Between 90% and 95% of Florida’s population lives within an hour of the coast, and they understandably took advantage of the price-controlled rates. This effectively put the private-insurance market into a death spiral, and the state-run company had to implement assessments on every insurance policy in the state for about 10 years — public policies, private insurance, property insurance, life insurance — every insurance policy issued in the state of Florida had an assessment on it so the state-run public option did not become insolvent.

Fortunately for Florida, lawmakers eventually enacted reforms that brought the public option back from the brink and turned it into the insurer of last resort — the original intent of the program. Of course, there’s is a huge difference between the state of Florida and the federal government: like most states, it’s required to have a balanced budget.

One extremely important thing to remember is that the need for Covid-relief bills has exploded the national debt and left Republicans with less of an ability to take the high ground on fiscal prudence. That makes the uphill battle against Medicaid for More a tougher climb.

One more piece of bad news before we look at areas to focus on relates to short-term limited duration plans. First, some background. The Obama Administration restricted these plans to no more than three months without the ability to renew them, making them essentially useless. The Trump administration revised that rule and allowed these policies for up to 12 months with the ability to renew multiple times. This approach, and that rule, did offer some relief to those in the individual market who were able to leverage them.

In a recent presentation on those plans, I heard from a self-employed businesswoman in Ohio, and she was able to secure decent coverage via those plans for roughly $485 per month with a $5,000 deductible. That contrasted with $2,800 a month on the Exchange with a $6,000 deductible.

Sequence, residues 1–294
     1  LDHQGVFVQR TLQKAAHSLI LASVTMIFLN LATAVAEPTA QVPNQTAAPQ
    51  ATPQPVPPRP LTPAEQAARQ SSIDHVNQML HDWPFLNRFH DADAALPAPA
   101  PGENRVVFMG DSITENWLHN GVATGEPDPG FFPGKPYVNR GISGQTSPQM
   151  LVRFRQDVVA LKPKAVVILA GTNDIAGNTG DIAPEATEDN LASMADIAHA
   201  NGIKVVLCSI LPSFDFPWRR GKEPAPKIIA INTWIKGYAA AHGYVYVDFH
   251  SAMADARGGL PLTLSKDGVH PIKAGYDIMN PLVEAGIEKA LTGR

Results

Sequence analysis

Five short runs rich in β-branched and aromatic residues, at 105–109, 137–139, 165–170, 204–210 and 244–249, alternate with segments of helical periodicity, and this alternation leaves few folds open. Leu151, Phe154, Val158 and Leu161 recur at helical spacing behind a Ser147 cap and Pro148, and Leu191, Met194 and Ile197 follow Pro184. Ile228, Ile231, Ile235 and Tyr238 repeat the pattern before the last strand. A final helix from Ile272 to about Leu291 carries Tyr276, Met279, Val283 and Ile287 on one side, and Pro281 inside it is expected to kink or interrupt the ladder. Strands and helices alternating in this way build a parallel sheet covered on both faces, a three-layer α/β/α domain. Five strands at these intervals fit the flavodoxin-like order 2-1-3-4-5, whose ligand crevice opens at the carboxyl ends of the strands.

The bad news is that the newly-confirmed Secretary of Health and Human Services, Xavier Becerra (until his nomination, he was California’s Attorney General) is extremely progressive. It’s important to note that California regulations on short-term limited-duration plans are far more restrictive than the federal guidance and rules. Essentially, Becerra does not like short-term limited duration plans because they provide a market-based option to Exchange plans, and he is a proponent of universal socialized healthcare coverage.

‘Make it Permanent’
One place conservatives and advocates for private insurers can score some wins is by shifting the debate from one on health insurance to one on healthcare provision. Becoming mired in discussions about public versus private options is not the best avenue, nor is a focus on keep the status quo for short-term limited-duration plans because Becerra is bound to attempt to reform them.

Instead, we can work to make Covid-related state executive orders permanent. Over the past year, governors from both parties and across the ideological spectrum issued executive orders aimed at freeing up resources to help respond to Covid-19. They included things like suspending certificate-of-need laws, authorizing telemedicine, expanding the scope of practice for nurses and pharmacists, and allowing licensed healthcare professionals from other states to practice across state lines.